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Wed April 3, 2013
Annual Trojan Study Says 56 Universities Have Better Sex-Ed Than OU
On Joe Sangiardi’s desk, on the first floor of the Conoco Student Leadership Center of the Oklahoma Memorial Union, there’s a pineapple-sized jar, and it’s full of condoms.
“My friends think it’s really funny I have them around here, but I joke that it is candy for college kids.” Sangiardi says.
This "candy jar" of condoms is one of many places around campus where students can pick up free protection. However, efforts of the Student Government Association may not be enough. Trojan, the condom manufacturing company, recently ranked the University of Oklahoma 85th of 141 Universities around the country in its most recent Sexual Health Report Card. The evaluation takes into account eleven different factors including condom availability, STD and HIV testing, and the quality of sexual health resources.
“I had two initial reactions,” says Sangiardi. “My first was kind of an emotional, kind of questioning what going on. The other one was a much more educated response after I actually analyzed the survey.”
A year ago, OU was 65th, the best ranking for the University the last five years. They dropped twenty spots over the last year.
“How is that we have dropped twenty ranking spots when we’ve actually increased the amount of programs and accessibility to sexual health programs and supplies doubly and triply over the last years?” asks Sangiardi.
Even though the OU Board of Regents approved a 9.6 percent increase of funding to the Women’s Outreach Center last March, Sangirardi still sees a lack of sexual education before students attend college
“I think the difficulty we have here is, in state like this, where Sex Ed is a much more contentious debate in public education, school, before college,” says Sangiardi. “I think it’s very possible we’re having a lot more kids coming through the university who’ve never actually formally had sex ed.”
Terry Dennison, Human Sexuality professor at the University of Oklahoma explains that current state law does not require Sex-Ed and often when it is offered it is abstinence-only.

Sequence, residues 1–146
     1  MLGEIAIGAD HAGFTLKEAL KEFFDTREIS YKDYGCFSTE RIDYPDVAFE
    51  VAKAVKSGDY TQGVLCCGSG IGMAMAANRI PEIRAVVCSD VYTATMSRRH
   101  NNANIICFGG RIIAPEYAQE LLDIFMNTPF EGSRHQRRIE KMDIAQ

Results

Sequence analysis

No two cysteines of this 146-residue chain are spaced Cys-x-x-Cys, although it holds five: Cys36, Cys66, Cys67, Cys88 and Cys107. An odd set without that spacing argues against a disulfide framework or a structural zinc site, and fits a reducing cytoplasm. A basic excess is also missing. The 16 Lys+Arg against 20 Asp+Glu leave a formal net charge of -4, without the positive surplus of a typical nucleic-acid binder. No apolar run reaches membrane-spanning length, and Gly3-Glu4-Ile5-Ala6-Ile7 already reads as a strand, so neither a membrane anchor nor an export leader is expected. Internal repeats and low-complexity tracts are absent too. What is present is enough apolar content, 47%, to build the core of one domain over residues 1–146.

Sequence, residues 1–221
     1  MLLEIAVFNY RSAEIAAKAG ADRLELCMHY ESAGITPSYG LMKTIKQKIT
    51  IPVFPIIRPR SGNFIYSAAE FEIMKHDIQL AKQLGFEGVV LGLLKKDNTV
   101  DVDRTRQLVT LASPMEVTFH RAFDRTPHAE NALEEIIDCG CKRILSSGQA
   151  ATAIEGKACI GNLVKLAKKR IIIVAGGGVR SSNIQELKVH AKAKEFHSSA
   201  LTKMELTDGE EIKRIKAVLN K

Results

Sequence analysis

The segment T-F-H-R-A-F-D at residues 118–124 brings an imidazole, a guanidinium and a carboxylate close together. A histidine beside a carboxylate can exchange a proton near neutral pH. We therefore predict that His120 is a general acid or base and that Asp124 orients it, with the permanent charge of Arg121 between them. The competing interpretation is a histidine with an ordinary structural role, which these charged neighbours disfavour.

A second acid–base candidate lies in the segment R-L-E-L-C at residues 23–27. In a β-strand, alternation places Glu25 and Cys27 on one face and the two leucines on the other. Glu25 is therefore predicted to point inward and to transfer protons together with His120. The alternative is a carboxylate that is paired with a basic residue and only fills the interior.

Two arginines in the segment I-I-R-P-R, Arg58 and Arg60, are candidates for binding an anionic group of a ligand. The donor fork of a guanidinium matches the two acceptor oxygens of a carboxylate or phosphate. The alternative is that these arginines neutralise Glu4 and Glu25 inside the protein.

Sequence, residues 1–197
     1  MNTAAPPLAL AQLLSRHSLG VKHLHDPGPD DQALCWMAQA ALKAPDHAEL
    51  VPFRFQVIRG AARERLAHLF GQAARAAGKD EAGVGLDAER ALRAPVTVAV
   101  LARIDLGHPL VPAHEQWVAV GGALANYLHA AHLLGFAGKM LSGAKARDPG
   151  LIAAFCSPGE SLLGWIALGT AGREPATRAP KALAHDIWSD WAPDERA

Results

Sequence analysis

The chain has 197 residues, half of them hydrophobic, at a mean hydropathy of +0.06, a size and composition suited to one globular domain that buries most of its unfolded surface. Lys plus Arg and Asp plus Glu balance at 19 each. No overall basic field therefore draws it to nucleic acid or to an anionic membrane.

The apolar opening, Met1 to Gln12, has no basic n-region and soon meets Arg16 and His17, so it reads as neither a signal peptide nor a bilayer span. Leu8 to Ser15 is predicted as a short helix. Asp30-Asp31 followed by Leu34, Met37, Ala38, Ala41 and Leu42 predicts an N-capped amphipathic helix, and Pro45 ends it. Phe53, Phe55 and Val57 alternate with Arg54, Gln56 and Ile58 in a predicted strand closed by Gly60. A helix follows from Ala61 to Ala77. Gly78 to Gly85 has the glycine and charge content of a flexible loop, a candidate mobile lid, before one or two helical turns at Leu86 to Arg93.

“I would say that the majority of the students that I have in my class did not get high school Sex-Ed,” says Dennison. “They are coming into the picture with a deficit of handling sexuality at this point in their lives.”
According to the 2011 Oklahoma Youth Risk Behavior Survey, more than half of Oklahoma high school students reported having had sexual intercourse. The Centers for Disease Control ranks Oklahoma 5th in the nation in rates of teenage pregnancy.
OU’s Women’s Outreach Center has developed programs designed for undergraduates to fill those gaps in knowledge. Kathy Moxley, Director of the center describes one student-to-student program created to educate Sooners.
“We have group called ‘Sexperts’ made up of students here at OU who go through training and then they do a one hour work shop in the residence halls, classrooms with students organization on STD, pregnancy prevention and HIV education.”
Moxley estimates they only reach between 500 and 1,000 students each year. Compare that to the 4,000-plus freshman that enter OU each fall, and more than 75% of incoming students are left out. However, since all incoming students are required to complete a sexual assault online training course, would pairing it with sex education help?
“I’m not sure that mandatory sexual education is the way to go on a college campus,” Moxley says. “I would look for other ways to reach our population and make sure information is accessible.”